We live in an interconnected world where multicultural teams have increasingly become the norm.
That means that today , even an home based organization recruits expatriates or sends some of his national staff on short or on long term mission abroad. Negotiating a contract, taking part to a trade show or managing a project in a foreign country… these are some examples of how business is conducted today;
For very long, that sort of interactions was referred to as ‘international’ and organizations were mainly focused on ensuring their staff got the appropriate languages skills to effectively working in the international arena.
Experience has taught that languages skills are just insufficient to succeed during internationalization. Surprisingly, even nationals from foreign descent appeared not to be better equipped than any other national when transferred in the country of their origin!
Learning has been painful in this field as it is through the analysis of failures that organizations have slowly realized how much cultural differences were under-estimated when approaching the job to be done.
Today most result-oriented organizations understand how critical it is to engage their staff into an intercultural preparation.
The perception of the needs is however still very poor with many organizations unaware of WHO needs to build intercultural skills.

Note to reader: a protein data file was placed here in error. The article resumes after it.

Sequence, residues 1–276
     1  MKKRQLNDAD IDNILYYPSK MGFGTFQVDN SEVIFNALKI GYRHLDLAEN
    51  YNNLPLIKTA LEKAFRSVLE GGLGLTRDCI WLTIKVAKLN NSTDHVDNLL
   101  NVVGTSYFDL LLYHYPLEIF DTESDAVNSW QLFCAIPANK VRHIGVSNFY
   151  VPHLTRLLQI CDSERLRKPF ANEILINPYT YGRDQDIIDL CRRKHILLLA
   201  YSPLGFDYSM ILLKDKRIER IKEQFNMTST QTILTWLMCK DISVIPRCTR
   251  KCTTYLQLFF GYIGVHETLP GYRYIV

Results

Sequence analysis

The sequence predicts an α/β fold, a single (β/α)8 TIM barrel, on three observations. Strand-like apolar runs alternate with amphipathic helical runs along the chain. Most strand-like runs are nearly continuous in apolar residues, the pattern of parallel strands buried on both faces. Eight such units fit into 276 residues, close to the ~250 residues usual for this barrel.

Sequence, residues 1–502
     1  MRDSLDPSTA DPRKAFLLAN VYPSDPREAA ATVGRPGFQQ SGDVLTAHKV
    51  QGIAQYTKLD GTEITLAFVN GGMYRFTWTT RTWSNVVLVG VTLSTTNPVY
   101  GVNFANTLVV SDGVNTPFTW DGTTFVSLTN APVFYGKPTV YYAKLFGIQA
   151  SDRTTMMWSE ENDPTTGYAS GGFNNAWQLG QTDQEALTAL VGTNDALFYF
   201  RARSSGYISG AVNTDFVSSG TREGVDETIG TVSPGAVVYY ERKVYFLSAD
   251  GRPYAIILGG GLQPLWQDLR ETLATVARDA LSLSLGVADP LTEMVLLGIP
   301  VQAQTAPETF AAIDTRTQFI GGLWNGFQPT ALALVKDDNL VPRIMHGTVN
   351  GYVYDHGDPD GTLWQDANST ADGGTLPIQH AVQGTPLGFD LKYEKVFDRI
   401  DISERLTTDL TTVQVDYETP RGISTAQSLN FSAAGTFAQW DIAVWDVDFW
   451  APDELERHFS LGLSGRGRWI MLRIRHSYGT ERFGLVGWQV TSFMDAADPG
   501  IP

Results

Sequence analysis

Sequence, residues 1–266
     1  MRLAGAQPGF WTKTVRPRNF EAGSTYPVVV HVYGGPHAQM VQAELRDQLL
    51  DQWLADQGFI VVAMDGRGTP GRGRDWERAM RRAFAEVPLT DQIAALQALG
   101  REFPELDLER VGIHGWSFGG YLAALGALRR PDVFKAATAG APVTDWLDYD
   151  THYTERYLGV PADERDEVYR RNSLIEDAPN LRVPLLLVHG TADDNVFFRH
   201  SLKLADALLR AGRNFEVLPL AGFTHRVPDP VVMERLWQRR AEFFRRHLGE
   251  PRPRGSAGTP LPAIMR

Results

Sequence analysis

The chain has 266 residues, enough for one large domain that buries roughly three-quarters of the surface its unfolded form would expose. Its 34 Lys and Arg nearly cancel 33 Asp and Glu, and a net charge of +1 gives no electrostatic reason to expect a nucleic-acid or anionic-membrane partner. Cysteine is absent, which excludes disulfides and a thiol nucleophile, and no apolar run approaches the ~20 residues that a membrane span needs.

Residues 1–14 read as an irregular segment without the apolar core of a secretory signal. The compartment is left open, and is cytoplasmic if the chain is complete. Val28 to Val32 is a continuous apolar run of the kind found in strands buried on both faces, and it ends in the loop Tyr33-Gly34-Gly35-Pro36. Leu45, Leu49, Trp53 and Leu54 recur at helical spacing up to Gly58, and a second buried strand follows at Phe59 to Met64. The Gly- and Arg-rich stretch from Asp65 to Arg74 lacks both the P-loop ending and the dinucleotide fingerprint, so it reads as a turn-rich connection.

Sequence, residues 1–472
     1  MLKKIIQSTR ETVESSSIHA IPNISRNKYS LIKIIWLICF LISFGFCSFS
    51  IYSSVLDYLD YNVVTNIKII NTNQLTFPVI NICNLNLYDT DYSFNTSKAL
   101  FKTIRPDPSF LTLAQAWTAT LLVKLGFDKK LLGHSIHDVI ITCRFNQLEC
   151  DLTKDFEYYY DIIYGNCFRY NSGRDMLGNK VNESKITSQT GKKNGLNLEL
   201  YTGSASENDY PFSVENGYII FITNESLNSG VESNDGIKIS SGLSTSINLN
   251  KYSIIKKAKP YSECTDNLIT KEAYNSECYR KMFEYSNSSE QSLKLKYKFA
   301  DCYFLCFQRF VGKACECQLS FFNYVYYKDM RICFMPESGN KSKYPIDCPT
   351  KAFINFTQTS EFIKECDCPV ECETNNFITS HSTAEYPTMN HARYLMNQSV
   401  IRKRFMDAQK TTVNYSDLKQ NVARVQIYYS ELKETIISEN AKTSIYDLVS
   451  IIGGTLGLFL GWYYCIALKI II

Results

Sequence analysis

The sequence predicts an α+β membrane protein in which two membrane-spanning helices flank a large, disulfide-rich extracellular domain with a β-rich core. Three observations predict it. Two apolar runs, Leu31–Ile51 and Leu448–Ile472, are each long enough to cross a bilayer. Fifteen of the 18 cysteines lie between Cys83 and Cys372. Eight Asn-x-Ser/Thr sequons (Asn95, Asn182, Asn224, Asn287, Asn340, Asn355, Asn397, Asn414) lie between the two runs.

Usually expatriates only benefits from an intercultural training. Yet, when I facilitate an intercultural session at the participants’ work premise, I often hear from their colleagues or managers. They often come to me with questions about their new foreign colleagues. In general they are not too sure on how to handle foreign colleagues’ unexpected attitudes or reactions. They are also demanding an intercultural training as they believe that it would enable them to work more productively.
It is a fact that sensitizing the whole teams to the existence of cultural differences would significantly reduce integration time and by and large everyone’s productivity.
Besides the challenge to identify WHO needs an intercultural training, there is another challenge that organizations face when dealing with multicultural workforce.
The challenge is related to the decision to know WHEN there is a need to build intercultural skills. The need is not easily perceived when people come from seemingly similar cultures such as these of Western Europe. In this case, the cultural differences are mainly invisible. Nor the Human Resource Department nor the employees themselves are aware of the expected cultural adjustment. As a result, the reaction is often to do abroad the same way as at home. Yet what is right, professional or even productive at home may not be so abroad....!
Would you, you the decision maker, wait until a deal fails or until a foreign talent leaves the company to understand the value of effectively handling the cultural differences?
How to enhance your performance across borders ?
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